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Feeding Deer Could Lead To Criminal Charges
Friday, May 29, 2009
Fish & Wildlife
This news release was archived on Monday, June 29, 2009

Feeding deer—long known to be detrimental to the animals and dangerous to the public—could now bring criminal charges against those who break a revised law that prohibits the practice in Montana.

The revised state law, passed as Senate Bill 202 by the 2009 Montana Legislature, adds ungulates—deer, elk, moose, and antelope—and mountain lions to the list of animals that cannot be attracted to an area with any kind of food.

Once limited only to bears, the revised law is aimed primarily at feeding to purposely attract certain wildlife to a particular area with things like grain, seeds and salt licks, but also includes negligently failing to properly store supplemental attractants, including garbage.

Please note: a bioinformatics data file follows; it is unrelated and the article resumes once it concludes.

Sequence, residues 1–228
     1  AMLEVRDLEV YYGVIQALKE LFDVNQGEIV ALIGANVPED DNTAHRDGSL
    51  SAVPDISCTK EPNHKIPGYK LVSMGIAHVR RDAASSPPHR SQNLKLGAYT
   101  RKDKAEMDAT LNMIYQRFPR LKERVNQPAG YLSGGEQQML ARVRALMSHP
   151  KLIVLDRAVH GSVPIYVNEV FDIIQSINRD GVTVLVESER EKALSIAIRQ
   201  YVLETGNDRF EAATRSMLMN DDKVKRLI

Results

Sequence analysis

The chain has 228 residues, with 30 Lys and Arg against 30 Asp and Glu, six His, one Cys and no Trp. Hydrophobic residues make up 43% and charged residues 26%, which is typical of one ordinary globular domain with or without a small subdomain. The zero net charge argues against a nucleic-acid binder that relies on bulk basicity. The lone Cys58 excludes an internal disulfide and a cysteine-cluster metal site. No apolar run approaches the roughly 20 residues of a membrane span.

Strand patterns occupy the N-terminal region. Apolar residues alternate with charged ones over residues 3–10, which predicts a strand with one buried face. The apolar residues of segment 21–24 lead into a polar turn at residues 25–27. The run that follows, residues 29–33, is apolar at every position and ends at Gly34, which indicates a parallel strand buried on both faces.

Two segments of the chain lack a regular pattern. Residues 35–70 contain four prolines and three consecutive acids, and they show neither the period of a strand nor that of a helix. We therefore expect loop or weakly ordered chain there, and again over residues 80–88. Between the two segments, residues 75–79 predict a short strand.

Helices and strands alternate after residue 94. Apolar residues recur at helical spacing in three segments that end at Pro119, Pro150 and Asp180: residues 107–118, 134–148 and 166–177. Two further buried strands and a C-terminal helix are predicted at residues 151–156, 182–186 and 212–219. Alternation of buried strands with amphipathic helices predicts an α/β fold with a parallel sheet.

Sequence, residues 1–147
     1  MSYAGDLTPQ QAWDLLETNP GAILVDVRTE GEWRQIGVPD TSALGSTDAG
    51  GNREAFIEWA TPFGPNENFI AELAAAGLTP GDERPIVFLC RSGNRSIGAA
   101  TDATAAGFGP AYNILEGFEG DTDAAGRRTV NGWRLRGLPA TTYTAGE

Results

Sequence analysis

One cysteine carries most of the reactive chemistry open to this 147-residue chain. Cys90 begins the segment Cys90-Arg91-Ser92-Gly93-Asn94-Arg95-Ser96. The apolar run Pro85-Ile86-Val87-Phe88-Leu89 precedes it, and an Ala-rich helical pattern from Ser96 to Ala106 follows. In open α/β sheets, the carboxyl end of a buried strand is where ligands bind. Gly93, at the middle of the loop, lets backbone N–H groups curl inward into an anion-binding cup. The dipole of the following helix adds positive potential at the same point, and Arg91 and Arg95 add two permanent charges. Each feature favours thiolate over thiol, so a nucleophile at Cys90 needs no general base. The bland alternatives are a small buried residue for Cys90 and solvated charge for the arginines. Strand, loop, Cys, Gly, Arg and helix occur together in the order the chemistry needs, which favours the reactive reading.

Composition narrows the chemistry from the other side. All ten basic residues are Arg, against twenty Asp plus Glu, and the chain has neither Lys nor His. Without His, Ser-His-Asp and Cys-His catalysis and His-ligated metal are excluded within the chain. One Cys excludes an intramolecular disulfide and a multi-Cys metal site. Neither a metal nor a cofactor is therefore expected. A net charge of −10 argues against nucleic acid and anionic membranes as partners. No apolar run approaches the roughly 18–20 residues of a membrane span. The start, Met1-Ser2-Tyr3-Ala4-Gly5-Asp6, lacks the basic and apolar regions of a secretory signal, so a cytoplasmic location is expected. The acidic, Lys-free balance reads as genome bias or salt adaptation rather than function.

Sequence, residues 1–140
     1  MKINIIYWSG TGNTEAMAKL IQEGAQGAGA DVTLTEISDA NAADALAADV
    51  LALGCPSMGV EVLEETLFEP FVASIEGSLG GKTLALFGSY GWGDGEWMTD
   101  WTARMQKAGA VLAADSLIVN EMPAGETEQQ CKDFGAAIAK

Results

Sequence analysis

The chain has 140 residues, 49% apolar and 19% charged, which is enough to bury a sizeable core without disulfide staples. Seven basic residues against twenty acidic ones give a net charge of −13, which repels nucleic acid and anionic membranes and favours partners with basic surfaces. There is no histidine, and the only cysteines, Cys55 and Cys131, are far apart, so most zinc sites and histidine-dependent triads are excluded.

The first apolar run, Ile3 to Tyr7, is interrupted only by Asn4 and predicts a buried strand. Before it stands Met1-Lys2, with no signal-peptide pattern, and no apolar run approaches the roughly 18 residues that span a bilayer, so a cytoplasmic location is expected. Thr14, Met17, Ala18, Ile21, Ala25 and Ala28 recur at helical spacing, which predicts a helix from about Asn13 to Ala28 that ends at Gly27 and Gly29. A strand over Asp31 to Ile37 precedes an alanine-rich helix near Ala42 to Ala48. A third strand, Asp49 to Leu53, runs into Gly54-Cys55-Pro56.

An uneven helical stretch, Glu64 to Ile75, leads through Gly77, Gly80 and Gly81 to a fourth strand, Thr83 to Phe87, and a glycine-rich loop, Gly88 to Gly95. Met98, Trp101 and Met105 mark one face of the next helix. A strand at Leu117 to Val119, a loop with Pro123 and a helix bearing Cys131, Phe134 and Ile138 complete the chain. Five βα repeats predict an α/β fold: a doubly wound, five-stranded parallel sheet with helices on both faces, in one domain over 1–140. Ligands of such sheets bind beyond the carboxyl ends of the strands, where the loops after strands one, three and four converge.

"Feeding deer and other wildlife is a growing threat to public safety that can draw in predators like mountain lions to residential areas," said Montana Fish, Wildlife & Parks spokesman Ron Aasheim. "The law's revisions seek to eliminate the use of food and garbage to habitually attract deer and other big game to an area, which can create artificial concentrations of animals and contribute to the transmission of wildlife diseases."

Offenders could be charged with a misdemeanor, which carries a maximum fine of $1,000 and six month in jail. The penalty also could include the loss of hunting, fishing and trapping privileges for a year or more.

A resident of Clinton was recently cited under the law for using corn to attract deer to an area. FWP game wardens, who noted that the feeding also drew in a grizzly bear, confiscated more than two tons of corn from the property. 

The law does not apply to normal feeding of livestock, backyard gardens, most recreational bird feeding, or to commercial processing of garbage. It does, however, apply to those who continue to feed birds after receiving a warning by FWP that the feeding is unlawfully attracting big game and other wildlife.